The High Court heard that the minister had agreed to pay €250,000 compensation to Gerard Walsh, who thought he would die in the assault. Mr Walsh had told the court that in June 1992 he was stationed in Tramore, Co Waterford. He and colleagues had been clearing a pub in Portlaw, Co Waterford, when he suddenly received a blow from behind to his right temple.
Mr Walsh told his barrister, Bruce Antoniotti SC, that he failed to grab his assailant’s hands. The man, who the court heard was a martial arts champion, had then hit and kicked him repeatedly.
Mr Antoniotti, who appeared with barrister David Richardson, said that after his client, Mr Walsh, had fallen, his assailant grabbed him from behind and tried to choke him by putting his thigh and lower leg around his neck.
Mr Walsh told Mr Justice Bernard Barton he had been choking and thought he would lose consciousness. He had been terrified and fearful for his life and had felt he was blacking out.
The court heard that Mr Walsh’s colleagues intervened and put an end to the assault. He had been unable to stand due to pain in his left knee. His colleagues had carried him to a lounge area. Mr Walsh said he was taken by ambulance to a hospital. He had suffered bruising on his face, a swollen knee and soft tissue injuries to his body. The court heard he had strangulation marks.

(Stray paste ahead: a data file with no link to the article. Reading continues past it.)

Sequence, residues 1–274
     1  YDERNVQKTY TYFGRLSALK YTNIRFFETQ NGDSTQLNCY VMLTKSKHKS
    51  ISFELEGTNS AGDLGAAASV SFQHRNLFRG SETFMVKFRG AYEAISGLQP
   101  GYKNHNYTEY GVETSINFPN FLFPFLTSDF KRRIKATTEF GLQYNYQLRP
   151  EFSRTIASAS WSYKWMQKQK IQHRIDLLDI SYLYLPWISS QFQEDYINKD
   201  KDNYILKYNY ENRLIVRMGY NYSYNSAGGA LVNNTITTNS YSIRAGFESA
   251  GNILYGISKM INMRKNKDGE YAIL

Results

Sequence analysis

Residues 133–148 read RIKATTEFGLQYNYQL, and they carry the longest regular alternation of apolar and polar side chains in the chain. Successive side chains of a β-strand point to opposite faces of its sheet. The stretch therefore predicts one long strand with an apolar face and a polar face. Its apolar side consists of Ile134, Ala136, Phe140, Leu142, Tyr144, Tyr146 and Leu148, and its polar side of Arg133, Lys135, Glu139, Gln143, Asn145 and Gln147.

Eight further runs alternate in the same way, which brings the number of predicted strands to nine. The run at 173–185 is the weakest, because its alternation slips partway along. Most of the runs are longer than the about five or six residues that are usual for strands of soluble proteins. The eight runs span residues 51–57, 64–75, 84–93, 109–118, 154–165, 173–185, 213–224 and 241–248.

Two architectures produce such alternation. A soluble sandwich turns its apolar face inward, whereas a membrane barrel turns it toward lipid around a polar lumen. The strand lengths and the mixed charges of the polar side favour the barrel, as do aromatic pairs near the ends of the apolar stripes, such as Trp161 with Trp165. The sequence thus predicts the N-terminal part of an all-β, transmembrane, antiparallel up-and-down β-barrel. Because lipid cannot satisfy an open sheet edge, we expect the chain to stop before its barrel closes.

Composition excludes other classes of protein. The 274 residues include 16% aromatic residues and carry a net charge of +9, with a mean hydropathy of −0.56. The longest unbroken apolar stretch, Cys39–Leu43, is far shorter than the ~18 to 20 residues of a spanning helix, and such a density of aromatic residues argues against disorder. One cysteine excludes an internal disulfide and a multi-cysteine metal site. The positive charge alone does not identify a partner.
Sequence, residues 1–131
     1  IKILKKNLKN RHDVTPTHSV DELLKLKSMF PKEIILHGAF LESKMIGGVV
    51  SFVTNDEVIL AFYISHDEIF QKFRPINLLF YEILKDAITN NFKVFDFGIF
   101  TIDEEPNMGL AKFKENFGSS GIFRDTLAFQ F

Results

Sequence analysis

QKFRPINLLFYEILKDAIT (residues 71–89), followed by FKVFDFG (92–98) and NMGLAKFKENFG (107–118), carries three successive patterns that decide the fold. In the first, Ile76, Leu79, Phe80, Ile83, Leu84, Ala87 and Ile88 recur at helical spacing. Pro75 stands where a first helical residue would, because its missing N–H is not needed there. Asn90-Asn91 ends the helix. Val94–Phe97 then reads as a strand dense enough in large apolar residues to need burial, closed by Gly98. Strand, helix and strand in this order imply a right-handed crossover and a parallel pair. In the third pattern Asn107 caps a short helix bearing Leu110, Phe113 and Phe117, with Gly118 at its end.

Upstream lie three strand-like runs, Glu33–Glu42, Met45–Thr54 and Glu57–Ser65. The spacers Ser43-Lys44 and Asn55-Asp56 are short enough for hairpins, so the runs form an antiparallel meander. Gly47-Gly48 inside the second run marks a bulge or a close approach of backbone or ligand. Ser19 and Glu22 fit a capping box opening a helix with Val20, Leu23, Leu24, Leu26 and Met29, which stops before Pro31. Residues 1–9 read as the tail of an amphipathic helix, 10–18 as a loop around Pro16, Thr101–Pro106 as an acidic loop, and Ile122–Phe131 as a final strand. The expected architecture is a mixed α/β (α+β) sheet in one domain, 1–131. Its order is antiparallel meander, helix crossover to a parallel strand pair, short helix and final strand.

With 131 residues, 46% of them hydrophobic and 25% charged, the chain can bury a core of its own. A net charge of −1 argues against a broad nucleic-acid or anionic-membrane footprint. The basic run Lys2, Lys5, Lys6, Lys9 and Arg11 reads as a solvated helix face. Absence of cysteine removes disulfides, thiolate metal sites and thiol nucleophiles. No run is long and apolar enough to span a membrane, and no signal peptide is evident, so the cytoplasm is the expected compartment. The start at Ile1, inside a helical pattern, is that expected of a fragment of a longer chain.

He told the court he suffered headaches for weeks and his neck had been sore for several years. He had suffered a tear to the anterior cruciate ligament in his left knee for which he had later needed to undergo surgery. Mr Walsh said he had ongoing pain in his knee and had restricted movement.
He had lost his confidence following the assault and had later developed psoriatic arthritis, a form of arthritis that affects the skin and the joints, in his feet, elbow and shoulders. He claimed his arthritis had been triggered by the assault. He had later developed depression symptoms and had been unable to return to full garda duties.
Mr Walsh, who now lives in Rathcormac, Co Cork, had been informed in 2001 that he was being retired on medical grounds, because of “infirmity of his mind and body”. He sued the minister for compensation for his injuries and also for loss of earnings and loss of pension.
Michael J Durack SC, for the minister, had argued that Mr Walsh’s arthritis condition was not linked to the assault.
After an adjournment, Mr Richardson told Judge Barton the case had settled. The judge approved a settlement agreement between the parties and ordered €250,000 compensation be paid to Mr Walsh, with his legal costs.